It isn’t too difficult to understand why the jury involved in the Apple versus Samsung case made the verdict it did last Friday, awarding Apple a landslide victory and more than $1 billion in damages. But what isn’t clear is how the jury came to its decision. Thanks to Jury Foreman Vel Hogan, we now have a fascinating insight into what it was like to be part of that panel.
In his first TV appearance since the billion dollar patent trial came to an end, Hogan reveals how he made up his own mind, how the jury decided on the damages Samsung must pay Apple, whether feelings and emotions influenced the jury’s decision, and more.
Speaking to Bloomberg TV, Hogan told of his “a-ha moment.” At first he felt the case could go Samsung’s way, and that the jury wasn’t entirely sure how prior art could render Apple’s patents acceptable or invalid. But then Hogan suddenly decided he could defend Apple’s patent if it were his own.
This helped the jury make up its mind, Hogan said:
At that point in time, I thought it was going to ultimately lean the other way…We were at a stalemate, but some of the jurors were not sure of the patent prosecution process. Some were not sure of how prior art could either render a patent acceptable or whether it could invalidate it. What we did is we started talking about one and when the day was over and I was at home, thinking about that patent claim by claim, limit by limit, I had what we would call an a-ha moment and I suddenly decided I could defend this if it was my patent…And with that, I took that story back to the jury and laid it out for them. They understood the points I was talking about and then we meticulously went patent by patent and claim by claim against the test that the judge had given us, because each patent had a different legal premise to judge on. We got those all sorted out and decided which ones were valid and which ones were not.
When questioned about the damages awarded to Apple and whether Samsung was “punished” for infringement, Hogan said:
In this country, intellectual property deserves to be protected. My real point was that if anyone, the industry at large, if any company decides to ignore the stipulations and the rules and get too close, that they cross the line and infringe and they do it willfully, they need to understand that if they take the risk and they get caught, they should have to pay for it.
Hogan then revealed how that $1.049 billion sum was calculated:
In the evidence, Apple had declared that Samsung had cost them in profits 35% of their revenue. On the other hand, Samsung said that it is because they took out operating costs and the value is 12%. Three of us had been through the process in our careers of dealing with financial documents. I understood P&L statements as well as the other to. What we did was look at it against our matrix of what infringed and what did not. We determined that in our experience, the percentage was not 12%, and it certainly was not 35%. It should be closer between 13% to 15%. We zeroed in on 14%. That became the magic number. Then we did our own calculations for each of the areas, adding those up with royalties that were entitled for some of the items. And we cut that value in half. When we added them together and tallied them up, that is the number we came up with.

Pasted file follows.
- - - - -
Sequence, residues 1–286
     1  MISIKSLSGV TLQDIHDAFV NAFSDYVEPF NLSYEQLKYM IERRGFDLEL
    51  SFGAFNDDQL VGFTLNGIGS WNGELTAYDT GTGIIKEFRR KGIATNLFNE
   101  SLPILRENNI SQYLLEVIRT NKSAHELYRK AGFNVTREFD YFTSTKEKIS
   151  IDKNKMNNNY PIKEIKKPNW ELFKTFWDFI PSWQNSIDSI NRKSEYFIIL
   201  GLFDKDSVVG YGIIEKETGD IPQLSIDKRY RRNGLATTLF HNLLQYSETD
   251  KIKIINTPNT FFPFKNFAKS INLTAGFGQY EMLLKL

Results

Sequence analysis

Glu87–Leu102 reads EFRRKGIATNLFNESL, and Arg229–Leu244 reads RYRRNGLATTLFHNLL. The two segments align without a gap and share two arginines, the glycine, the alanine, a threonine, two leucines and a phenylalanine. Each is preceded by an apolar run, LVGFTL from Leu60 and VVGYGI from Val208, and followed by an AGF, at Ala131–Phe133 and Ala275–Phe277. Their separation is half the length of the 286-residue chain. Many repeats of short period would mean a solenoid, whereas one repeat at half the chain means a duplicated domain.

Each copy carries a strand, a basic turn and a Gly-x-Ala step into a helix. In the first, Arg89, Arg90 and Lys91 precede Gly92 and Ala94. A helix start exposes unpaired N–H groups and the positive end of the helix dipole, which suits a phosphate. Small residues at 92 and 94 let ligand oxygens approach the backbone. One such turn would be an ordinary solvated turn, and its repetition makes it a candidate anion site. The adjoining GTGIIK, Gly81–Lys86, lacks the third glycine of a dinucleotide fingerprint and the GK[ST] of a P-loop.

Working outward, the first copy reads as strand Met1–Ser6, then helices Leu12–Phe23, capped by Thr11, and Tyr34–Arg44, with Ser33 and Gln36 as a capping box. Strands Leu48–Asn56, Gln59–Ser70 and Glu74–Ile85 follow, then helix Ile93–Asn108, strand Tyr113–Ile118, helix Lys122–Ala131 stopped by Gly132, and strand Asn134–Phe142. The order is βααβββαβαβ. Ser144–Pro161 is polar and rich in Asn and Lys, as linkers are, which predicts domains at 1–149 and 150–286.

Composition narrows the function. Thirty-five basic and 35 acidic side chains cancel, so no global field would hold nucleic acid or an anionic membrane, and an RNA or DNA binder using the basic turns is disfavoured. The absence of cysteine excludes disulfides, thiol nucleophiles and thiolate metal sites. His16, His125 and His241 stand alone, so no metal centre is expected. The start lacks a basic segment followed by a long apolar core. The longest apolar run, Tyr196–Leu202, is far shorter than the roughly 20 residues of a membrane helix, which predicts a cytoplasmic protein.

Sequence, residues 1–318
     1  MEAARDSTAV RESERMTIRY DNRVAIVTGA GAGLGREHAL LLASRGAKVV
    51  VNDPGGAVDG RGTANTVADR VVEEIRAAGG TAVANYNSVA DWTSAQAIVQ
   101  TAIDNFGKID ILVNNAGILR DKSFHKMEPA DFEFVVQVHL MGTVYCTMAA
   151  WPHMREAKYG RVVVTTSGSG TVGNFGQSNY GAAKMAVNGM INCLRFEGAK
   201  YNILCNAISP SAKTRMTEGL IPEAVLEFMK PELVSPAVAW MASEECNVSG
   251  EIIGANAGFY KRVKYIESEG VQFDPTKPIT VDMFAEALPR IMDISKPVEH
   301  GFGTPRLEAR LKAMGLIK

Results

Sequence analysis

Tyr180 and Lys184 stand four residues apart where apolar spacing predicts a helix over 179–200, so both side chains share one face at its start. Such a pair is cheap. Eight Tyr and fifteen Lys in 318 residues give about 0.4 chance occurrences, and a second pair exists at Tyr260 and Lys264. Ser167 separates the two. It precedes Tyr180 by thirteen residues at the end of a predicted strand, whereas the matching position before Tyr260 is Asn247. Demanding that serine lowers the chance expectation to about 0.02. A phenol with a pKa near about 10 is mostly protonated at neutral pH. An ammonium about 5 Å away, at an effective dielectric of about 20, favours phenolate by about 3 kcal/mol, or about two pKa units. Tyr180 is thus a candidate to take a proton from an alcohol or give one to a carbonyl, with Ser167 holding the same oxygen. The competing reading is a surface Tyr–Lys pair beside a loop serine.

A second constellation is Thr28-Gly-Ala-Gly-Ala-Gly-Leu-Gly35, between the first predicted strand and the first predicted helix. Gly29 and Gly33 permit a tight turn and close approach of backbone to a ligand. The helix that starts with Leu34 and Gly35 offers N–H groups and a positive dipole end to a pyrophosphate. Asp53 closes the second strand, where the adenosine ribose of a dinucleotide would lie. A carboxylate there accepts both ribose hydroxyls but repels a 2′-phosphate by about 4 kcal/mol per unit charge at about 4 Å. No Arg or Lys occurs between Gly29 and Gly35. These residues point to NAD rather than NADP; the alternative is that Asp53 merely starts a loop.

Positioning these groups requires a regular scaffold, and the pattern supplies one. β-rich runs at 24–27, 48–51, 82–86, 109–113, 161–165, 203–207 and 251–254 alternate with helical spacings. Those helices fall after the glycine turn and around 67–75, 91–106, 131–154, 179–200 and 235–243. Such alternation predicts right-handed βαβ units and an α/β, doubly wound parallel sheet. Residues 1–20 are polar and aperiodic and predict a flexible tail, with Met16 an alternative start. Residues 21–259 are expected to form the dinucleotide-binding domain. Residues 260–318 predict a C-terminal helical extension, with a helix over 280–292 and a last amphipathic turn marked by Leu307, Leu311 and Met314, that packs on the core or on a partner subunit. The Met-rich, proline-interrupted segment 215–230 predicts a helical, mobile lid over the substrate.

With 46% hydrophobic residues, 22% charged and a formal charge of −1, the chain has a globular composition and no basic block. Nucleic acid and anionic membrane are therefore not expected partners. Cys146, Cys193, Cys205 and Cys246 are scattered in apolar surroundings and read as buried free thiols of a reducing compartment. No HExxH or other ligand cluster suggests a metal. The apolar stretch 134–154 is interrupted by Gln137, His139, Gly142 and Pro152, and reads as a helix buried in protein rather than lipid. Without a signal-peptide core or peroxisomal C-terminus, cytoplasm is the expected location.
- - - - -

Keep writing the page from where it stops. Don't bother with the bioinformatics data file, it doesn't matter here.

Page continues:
Surprisingly, no one on the jury owned an iPhone, according to Hogan, who has “intentionally” avoided Apple equipment for a number of years. “I’m a PC person,” he said, before conceding that his wife owns a Samsung cell phone, “but it is now a smartphone.”
Hogan was also asked whether he believed Apple will be successful in its bid to get eight of Samsung’s devices banned. He revealed that “they probably will be,” and that Samsung should use a different approach to avoid infringing Apple’s patents — like those taken by Nokia and BlackBerry:
They probably will be. The thing that everyone should remember is that just because, not all of Samsung’s devices, phones in particular, infringed property rights. There are other ways they can accomplish something. Nokia is an example. Blackberry is an example. Motorola is an example. Just because it has Android operating system that makes it seem Apple-like, it is not. They don’t have to be 100% the same. You can back off from that and have an acceptable product.
The full 17-minute interview is a very interesting watch if you’ve been following the Apple vs. Samsung trial. You can see it now at Bloomberg TV.
Source: Bloomberg TV